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President-elect Biden speaks in Wilmington last night. Photo: Drew Angerer/Getty Images

America got quite a respite yesterday from this bleak year: A woman of color became the first American to get the COVID vaccine; Democracy worked, as the Electoral College voted in 50 state capitals; And President-elect Biden called on the nation to "turn the page."

Yes, but: Biden is trying to prepare us for what incoming White House chief of staff Ron Klain told MSNBC's Rachel Maddow will be "a very, very, very dark winter," with "probably tens of thousands of deaths left before the end of the year."

  • Biden said as he celebrated the certification of his victory: "My heart goes out to all of you in this dark winter of the pandemic, about to spend the holidays and the new year with a black hole in your hearts."

Why it matters: Biden and his team want Americans to reckon with the pain — they use the word "dark" a lot — he'll inherit. It also sets up the possibility of hope — and light — in 2021 if the virus fades and jobs rebound. 

  • Not to be a bummer, but several people around Biden worry the light is farther away than most think, which could hamper his presidency. 

In addition to the COVID death toll that passed 300,000 yesterday, and likely will accelerate in the weeks ahead, there's the mounting financial devastation. These are among the looming cliffs that will beset Biden:

  • Pandemic unemployment benefits for millions expire Dec. 26.
  • The U.S. Chamber of Commerce Small Business Index, out today, finds that small businesses "anticipate the worst of the pandemic is still ahead": 50% of the 1,000 entrepreneurs polled "see their operations continuing for a year or less in the current business climate before having to permanently close."
  • Foreclosure and eviction moratoriums expire Dec. 31: "Between 2.4 million and 5 million American households are at risk in January alone," The Wall Street Journal reports (subscription).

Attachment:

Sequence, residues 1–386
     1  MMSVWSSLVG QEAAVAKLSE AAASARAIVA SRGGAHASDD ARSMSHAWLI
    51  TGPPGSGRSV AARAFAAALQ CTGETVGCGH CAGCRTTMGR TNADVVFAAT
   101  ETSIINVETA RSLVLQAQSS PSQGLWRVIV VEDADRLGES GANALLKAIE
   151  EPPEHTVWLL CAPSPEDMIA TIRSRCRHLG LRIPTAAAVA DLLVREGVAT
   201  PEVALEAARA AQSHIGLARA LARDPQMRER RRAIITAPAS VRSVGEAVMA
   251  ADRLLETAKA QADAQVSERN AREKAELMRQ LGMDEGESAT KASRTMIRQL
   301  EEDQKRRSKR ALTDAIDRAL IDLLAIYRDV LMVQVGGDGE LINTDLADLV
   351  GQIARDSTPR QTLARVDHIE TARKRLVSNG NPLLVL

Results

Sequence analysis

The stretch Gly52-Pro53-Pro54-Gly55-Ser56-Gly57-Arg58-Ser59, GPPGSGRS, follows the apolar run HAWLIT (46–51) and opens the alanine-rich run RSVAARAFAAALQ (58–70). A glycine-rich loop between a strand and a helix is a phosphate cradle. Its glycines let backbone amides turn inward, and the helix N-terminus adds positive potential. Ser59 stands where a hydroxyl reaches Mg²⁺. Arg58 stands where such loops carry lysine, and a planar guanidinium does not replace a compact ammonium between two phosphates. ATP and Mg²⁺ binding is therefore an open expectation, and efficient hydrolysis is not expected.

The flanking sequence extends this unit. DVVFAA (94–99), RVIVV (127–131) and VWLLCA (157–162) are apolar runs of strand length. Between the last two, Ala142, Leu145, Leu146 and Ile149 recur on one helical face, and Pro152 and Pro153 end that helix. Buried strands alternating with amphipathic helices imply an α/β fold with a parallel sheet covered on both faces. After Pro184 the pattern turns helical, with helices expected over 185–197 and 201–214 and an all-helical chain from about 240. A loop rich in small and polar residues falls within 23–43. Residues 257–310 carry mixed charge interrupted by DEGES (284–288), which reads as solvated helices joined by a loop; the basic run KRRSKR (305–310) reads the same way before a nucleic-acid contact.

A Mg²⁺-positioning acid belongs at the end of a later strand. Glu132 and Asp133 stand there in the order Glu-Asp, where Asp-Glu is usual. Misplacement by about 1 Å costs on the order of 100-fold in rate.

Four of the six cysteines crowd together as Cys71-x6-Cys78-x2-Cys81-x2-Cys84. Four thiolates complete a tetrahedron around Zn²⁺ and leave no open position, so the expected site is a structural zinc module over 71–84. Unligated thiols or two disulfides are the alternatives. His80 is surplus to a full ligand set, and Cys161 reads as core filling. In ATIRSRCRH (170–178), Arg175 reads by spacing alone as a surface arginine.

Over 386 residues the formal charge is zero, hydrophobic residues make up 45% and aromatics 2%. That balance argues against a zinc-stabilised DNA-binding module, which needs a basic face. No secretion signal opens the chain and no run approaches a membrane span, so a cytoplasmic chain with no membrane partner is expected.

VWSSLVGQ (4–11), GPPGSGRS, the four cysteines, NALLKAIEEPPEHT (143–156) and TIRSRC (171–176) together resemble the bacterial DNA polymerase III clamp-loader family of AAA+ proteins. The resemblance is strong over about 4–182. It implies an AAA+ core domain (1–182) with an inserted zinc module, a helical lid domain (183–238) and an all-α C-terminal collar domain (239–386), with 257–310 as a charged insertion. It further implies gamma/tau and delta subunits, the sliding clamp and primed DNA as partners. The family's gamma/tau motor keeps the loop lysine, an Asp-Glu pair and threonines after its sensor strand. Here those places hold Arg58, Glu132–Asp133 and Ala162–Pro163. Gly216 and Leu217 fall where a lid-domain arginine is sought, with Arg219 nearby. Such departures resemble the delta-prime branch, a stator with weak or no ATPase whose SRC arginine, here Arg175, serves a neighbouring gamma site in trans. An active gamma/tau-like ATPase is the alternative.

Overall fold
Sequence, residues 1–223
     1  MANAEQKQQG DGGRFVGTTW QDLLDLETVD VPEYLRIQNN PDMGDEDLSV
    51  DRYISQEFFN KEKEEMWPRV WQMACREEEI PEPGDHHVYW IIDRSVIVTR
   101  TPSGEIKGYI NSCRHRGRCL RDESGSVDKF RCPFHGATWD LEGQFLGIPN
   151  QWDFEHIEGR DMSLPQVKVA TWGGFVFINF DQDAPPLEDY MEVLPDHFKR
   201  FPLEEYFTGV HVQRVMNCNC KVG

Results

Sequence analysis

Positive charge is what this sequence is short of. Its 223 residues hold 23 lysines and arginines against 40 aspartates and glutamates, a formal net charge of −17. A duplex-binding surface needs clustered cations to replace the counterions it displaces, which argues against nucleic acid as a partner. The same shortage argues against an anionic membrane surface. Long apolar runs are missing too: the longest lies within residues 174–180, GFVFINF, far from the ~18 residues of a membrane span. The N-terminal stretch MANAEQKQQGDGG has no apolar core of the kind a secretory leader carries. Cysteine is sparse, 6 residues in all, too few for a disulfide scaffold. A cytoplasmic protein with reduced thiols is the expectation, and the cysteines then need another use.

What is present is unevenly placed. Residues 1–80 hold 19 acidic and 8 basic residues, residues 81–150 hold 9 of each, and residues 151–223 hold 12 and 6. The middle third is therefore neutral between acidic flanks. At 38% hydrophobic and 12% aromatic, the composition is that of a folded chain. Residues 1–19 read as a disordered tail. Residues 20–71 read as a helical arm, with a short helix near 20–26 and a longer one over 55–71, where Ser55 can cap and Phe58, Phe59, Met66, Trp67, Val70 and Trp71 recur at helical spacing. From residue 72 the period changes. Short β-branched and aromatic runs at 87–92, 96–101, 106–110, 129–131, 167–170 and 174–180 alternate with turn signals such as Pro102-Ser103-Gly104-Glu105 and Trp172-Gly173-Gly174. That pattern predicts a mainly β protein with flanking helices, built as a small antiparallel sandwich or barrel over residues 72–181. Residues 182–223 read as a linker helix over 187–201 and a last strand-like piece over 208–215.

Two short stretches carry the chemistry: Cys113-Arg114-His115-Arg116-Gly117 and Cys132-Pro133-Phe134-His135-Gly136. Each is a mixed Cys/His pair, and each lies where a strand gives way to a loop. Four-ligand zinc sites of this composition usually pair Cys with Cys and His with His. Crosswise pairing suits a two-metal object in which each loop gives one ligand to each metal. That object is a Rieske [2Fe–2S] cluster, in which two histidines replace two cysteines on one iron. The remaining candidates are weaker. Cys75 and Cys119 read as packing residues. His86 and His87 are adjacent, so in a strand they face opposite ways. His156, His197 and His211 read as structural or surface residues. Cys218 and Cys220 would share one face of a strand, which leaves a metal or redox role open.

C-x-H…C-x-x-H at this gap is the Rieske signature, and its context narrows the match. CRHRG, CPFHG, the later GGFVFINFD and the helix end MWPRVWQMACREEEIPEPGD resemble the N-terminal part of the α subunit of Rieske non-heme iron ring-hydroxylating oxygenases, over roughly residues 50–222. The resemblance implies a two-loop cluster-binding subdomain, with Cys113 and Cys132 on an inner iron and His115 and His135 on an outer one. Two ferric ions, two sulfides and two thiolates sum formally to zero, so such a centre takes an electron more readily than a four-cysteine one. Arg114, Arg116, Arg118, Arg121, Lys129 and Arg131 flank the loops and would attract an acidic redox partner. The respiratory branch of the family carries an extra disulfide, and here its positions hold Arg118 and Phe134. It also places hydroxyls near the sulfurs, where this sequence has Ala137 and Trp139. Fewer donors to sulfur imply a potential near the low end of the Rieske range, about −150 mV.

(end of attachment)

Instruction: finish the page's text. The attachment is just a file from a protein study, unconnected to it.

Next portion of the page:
The big picture: Biden will take office with thousands of people dying daily, full vaccination months away, President Trump taunting him from the Twitter sidelines, the government rattled by an epic cyberattack, China asserting its power, and Americans divided like never before. To the victor goes the spoils.

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Go deeper

L.A. becomes first county to surpass 1 million coronavirus cases

COVID-19 mass-vaccination of healthcare workers takes place at Dodger Stadium. Photo: Irfan Khan/Los Angeles Times via Getty Images

Los Angeles County officials said Saturday they had detected the county's first case of the highly transmissible coronavirus variant first found in the United Kingdom.

Why it matters: The announcement came as L.A. became the first county to surpass 1 million COVID-19 cases, straining the area's already overwhelmed health care system.

Mike Allen, author of AM
Jan 16, 2021 - Politics & Policy

What business wants from Biden

Illustration: Sarah Grillo/Axios

Top corporate leaders tell me President-elect Biden's Cabinet and West Wing picks appear to be animated more by competence than by ideology, making business optimistic about working with the new administration.

Why it matters: Biden will probably ultimately raise the taxes of these CEOs and other executives. But after the Trump years, what CEOs really want is a government that functions and that they can deal with comfortably.

Biden outlines plan to reverse Trump policies on first day of presidency

President-elect Joe Biden at the Queen theater in Wilmington, Delaware, on Saturday. Photo: Alex Wong/Getty Images

President-elect Joe Biden will roll back some of President Trump's most controversial policies and address "four overlapping and compounding crises" in his first 10 days in office — the pandemic, the economic downturn, climate change and racial inequity.

Driving the news: The plan is outlined in a memo from incoming White House Chief of Staff Ron Klain Saturday. Following Biden's inauguration Wednesday, he'll "sign roughly a dozen actions to combat the four crises," Klain said.